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Commentary

Pomo Gangland

The National Union of Teachers conference in April heard of schools hiring bouncers for classrooms. The magazine of the NASUWT, previously reported on the problems which teenaged gangs bring to many schools.

John Benton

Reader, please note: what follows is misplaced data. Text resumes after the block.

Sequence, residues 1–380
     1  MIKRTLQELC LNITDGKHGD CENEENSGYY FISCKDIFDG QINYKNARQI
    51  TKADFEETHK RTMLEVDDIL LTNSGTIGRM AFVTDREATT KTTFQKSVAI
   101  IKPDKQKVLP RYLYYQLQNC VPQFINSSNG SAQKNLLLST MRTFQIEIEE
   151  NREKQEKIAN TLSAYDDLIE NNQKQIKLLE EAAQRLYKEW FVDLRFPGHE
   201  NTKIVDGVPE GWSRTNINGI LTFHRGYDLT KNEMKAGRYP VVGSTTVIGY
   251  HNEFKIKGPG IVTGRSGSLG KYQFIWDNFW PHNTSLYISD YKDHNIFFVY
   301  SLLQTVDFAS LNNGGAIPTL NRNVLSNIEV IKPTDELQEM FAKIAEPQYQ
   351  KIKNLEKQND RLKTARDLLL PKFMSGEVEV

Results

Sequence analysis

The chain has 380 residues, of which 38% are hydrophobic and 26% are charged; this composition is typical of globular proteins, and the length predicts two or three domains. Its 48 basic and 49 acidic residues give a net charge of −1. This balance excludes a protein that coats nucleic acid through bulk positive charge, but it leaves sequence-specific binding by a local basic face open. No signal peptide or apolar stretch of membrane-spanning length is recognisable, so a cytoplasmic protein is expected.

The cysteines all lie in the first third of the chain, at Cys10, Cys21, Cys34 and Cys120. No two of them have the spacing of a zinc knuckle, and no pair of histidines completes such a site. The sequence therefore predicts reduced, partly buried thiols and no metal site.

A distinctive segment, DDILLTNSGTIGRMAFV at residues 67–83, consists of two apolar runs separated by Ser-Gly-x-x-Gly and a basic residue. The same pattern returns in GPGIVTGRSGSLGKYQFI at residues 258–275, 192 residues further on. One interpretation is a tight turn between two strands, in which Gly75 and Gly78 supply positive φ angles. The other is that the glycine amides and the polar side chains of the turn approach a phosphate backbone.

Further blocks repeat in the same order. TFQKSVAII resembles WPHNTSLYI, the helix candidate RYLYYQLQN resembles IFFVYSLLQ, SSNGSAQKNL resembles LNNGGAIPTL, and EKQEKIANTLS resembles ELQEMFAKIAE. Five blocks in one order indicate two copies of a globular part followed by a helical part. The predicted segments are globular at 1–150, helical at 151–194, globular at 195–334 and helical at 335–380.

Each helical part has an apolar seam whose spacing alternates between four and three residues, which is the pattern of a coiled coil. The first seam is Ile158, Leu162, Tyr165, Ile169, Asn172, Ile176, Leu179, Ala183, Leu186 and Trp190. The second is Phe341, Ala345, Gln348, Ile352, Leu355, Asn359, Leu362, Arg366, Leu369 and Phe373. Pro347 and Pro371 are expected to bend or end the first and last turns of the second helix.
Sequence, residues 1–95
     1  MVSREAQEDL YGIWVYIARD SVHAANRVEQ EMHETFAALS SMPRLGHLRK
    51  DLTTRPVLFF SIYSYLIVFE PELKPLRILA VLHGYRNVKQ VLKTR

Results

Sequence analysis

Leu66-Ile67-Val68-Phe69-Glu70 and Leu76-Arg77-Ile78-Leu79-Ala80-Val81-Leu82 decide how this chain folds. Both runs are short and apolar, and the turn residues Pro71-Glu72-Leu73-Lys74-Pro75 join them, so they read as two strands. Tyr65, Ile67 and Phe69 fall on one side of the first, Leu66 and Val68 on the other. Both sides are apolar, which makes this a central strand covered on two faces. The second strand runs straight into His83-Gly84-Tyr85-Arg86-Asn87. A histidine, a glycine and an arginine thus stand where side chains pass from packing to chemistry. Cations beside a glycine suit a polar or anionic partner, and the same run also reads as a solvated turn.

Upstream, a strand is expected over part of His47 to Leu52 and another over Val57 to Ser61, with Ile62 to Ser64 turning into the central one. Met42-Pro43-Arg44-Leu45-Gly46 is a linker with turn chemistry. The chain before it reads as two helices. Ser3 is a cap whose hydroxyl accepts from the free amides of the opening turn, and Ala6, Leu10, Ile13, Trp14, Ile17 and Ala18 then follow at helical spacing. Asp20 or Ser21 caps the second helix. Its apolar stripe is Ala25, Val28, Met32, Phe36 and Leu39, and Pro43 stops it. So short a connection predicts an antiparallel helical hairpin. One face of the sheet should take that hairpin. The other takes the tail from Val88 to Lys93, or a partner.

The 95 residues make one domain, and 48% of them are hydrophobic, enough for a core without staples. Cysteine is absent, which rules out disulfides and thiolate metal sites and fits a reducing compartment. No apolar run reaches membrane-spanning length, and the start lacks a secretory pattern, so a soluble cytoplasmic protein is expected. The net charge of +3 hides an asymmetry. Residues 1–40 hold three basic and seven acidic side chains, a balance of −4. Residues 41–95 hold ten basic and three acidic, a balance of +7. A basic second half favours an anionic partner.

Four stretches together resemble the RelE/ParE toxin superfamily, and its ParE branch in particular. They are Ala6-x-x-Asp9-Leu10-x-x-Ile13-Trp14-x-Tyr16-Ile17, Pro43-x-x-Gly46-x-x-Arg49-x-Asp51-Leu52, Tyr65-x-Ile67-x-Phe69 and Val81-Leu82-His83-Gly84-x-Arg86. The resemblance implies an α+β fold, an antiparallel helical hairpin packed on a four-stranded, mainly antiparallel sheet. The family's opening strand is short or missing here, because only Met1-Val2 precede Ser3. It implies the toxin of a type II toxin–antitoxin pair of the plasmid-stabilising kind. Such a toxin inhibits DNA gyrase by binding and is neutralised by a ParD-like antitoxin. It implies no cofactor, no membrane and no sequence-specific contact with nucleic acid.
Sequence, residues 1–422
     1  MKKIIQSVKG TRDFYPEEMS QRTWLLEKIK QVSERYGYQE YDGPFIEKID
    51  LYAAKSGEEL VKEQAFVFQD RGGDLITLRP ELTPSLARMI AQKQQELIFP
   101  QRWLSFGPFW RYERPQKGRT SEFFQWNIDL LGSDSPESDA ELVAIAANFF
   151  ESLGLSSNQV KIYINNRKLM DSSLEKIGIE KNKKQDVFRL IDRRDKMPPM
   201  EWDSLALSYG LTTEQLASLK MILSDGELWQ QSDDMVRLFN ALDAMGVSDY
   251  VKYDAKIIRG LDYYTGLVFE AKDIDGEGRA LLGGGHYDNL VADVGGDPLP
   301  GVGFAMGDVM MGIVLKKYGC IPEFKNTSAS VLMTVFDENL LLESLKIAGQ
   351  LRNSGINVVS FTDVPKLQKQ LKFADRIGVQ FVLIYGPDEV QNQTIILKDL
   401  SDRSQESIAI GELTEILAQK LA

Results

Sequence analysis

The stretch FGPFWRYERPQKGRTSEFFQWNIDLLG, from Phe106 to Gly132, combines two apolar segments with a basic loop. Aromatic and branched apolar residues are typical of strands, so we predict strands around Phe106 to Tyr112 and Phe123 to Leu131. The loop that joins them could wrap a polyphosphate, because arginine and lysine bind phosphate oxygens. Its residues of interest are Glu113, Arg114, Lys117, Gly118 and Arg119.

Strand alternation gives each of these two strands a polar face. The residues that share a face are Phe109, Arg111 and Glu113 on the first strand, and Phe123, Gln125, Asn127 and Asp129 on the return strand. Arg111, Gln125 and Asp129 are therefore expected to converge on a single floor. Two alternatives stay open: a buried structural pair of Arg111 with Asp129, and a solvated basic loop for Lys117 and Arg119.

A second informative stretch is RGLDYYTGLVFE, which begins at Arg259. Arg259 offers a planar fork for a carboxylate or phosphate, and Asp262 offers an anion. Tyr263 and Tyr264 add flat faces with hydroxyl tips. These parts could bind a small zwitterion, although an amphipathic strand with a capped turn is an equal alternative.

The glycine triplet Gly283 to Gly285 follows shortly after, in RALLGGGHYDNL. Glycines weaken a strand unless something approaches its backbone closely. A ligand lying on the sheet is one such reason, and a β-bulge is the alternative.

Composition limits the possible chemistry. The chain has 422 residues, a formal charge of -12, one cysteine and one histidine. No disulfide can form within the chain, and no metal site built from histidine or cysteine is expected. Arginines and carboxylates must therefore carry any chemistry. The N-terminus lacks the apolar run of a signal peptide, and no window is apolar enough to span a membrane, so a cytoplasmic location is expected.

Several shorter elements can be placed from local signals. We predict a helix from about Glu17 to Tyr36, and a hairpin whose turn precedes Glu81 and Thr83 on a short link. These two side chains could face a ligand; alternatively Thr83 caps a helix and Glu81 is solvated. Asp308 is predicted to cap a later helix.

The main conclusion was that, because gang problems often have their origins in the communities in which the schools are located, schools cannot be expected to spearhead combating gang culture, but can only work in conjunction with other agencies. Related to poverty and poor parenting, the evidence is of gangs being formed around divisions of race or background within communities and that, therefore, teachers should address equality, diversity and community cohesion within the classroom. But this alone can’t solve the problem.